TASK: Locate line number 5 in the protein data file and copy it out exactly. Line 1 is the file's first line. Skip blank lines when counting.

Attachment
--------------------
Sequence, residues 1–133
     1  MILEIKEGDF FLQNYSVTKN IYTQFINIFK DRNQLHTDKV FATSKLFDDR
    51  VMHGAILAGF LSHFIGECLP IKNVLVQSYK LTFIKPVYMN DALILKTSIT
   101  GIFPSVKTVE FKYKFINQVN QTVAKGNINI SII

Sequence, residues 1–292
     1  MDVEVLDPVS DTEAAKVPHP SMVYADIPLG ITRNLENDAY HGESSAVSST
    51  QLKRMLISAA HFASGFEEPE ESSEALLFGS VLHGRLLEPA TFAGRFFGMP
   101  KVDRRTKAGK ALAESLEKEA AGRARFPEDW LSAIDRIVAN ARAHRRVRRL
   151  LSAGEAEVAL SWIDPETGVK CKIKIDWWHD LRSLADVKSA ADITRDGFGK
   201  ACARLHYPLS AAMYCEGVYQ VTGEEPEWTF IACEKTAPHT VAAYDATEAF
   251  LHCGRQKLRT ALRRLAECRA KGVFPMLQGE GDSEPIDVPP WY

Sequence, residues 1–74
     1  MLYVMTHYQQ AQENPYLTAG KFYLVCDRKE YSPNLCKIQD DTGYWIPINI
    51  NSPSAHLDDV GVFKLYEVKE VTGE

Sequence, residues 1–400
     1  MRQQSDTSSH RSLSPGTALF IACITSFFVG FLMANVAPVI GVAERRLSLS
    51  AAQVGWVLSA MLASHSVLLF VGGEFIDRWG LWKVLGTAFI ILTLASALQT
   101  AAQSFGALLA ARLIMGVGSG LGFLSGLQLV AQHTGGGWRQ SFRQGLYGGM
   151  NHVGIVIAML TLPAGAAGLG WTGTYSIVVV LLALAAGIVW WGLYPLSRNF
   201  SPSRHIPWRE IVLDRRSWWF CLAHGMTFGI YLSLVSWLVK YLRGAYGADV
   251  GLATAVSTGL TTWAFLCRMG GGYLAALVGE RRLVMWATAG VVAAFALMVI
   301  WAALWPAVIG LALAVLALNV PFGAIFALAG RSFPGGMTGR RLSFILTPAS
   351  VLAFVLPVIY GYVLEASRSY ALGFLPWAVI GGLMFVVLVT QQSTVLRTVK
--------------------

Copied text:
Sequence, residues 1–292